Bankole K. Fasanya, Regina Pope-Ford, Musibau Shofoluwe, Olusola A. Olaniyi.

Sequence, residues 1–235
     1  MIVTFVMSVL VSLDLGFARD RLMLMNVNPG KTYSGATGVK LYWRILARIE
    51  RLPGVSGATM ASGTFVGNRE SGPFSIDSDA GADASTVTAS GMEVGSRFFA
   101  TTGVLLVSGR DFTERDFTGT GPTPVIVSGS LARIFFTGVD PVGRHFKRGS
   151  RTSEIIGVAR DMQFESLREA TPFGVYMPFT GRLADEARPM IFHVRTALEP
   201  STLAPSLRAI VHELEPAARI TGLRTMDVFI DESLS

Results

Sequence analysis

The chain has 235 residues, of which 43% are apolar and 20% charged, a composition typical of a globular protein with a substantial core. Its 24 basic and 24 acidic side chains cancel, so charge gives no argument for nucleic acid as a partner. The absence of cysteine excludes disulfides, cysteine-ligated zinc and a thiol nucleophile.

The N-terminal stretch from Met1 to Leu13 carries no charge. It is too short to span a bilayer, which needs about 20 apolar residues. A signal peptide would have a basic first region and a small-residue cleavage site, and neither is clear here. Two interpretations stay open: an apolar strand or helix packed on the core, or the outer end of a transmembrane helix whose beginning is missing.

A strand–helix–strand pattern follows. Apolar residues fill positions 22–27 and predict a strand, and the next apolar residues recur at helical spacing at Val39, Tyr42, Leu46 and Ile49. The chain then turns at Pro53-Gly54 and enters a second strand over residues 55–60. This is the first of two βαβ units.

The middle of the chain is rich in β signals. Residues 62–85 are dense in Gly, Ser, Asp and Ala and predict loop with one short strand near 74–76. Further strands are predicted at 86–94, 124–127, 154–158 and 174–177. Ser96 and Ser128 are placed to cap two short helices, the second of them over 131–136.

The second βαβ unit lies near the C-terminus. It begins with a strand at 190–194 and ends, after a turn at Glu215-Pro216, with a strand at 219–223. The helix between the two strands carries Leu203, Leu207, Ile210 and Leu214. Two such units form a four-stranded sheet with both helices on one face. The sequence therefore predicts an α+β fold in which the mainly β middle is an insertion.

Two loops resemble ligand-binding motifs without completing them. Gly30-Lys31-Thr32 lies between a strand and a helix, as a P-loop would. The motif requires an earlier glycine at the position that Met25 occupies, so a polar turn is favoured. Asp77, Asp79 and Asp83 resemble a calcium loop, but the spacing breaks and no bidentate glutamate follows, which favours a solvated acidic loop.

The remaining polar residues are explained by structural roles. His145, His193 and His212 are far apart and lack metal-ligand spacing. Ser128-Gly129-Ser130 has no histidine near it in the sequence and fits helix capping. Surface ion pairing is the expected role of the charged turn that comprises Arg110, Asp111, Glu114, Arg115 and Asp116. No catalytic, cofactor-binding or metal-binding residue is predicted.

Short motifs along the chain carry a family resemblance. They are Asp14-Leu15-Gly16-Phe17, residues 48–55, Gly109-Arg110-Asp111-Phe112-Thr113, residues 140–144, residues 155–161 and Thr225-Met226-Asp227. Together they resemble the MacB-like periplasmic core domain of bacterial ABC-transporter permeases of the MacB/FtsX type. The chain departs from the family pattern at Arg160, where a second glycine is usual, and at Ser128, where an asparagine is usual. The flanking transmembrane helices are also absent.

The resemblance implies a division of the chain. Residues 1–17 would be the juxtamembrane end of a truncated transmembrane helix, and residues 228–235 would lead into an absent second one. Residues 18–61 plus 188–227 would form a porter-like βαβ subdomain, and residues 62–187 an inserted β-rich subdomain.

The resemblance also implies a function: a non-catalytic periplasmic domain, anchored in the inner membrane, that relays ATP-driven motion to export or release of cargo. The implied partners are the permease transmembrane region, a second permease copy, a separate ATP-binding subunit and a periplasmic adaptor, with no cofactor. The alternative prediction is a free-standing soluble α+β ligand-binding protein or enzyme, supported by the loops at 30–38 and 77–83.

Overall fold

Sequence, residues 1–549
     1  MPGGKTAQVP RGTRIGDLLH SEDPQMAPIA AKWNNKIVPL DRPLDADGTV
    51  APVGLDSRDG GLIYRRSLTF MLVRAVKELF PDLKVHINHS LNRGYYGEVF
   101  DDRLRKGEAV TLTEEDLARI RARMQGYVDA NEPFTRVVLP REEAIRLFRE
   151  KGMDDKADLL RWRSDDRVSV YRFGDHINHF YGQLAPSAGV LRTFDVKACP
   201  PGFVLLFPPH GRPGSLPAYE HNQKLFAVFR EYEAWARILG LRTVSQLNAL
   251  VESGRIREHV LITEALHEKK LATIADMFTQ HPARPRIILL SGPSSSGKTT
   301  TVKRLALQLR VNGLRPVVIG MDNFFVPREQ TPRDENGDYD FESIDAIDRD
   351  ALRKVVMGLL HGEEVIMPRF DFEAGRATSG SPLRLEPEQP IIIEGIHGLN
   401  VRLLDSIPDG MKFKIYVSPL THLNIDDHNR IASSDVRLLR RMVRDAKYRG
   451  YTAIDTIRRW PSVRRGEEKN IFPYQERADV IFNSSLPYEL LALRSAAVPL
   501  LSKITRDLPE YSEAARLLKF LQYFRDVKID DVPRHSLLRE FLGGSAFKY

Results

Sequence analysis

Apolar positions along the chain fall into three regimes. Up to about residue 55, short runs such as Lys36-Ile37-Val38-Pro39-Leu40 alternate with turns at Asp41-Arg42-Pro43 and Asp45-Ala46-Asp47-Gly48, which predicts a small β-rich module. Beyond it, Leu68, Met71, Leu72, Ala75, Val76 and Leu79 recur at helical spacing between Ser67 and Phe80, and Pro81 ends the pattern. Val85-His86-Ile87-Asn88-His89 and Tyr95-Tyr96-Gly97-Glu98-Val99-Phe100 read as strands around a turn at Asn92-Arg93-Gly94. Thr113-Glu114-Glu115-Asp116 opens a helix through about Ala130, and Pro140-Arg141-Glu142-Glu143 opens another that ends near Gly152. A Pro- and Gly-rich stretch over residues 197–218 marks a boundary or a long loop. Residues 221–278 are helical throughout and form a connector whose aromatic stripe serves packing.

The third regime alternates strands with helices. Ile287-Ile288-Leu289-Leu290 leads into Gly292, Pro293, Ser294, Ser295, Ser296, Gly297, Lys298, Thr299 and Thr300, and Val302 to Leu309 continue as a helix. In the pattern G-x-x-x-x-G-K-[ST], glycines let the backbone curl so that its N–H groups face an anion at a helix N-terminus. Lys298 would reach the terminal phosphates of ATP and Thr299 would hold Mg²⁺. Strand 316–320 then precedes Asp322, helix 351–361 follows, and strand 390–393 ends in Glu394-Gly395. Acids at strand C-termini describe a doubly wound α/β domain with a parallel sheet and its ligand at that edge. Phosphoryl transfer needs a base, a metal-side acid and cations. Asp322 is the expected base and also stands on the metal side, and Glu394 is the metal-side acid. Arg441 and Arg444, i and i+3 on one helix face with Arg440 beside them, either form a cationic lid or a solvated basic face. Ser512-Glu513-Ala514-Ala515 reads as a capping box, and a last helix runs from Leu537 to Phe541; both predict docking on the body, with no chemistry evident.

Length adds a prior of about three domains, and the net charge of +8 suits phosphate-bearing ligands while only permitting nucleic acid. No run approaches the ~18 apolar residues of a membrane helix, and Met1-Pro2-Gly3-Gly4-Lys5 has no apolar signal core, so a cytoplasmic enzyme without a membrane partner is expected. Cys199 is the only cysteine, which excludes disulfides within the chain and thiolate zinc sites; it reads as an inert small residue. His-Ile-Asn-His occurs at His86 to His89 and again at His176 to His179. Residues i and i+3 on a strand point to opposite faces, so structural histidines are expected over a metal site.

Wealth does not correlate with health, neither does the ability to work longer hours and the night shift determine the level of one’s wealth. It is important to consider health and safety first when accepting new job schedules or offers. This study investigates how night shift schedules have contributed to workers’ poor well-being, quality of life and marriages. One-hundred ninety-one night shift workers voluntarily participated in the study. Respondents were grouped into three age categories: 18-34, 35-54, and 55-74. Responses were quantified and statistical analyses were run on the data. Results revealed that 24% of the respondents responded to be depressed and 57% indicated to have low energy after working a night shift schedule. The risk of divorce among the married respondents was found to be 1-person in every 5-workers. Poor appetite revealed 1 out of every 3-workers and 1 out of 2-workers have the risk of losing interest in their usual activities. Approximately seventeen percent reported having very bad quality of life, while 39% declared to have average quality of life. Thirty percent of the respondents revealed having concentration problems after working night shift. The paired t-test result revealed that a night shift schedule has a statistically significant effect on the workers’ well-being who work on night shift (t = 16.13, df = 190, p < 0.0001). The level of divorce, poor quality of life, less interest in usual activities and health issues as a result of workers’ schedule suggest the need for better work schedule structuring. The findings from this study highlight potential damages night shift schedule has done to human well-being and life style in general. Findings from this study could help families to better avert or handle health issues at home and with their spouses.View pdf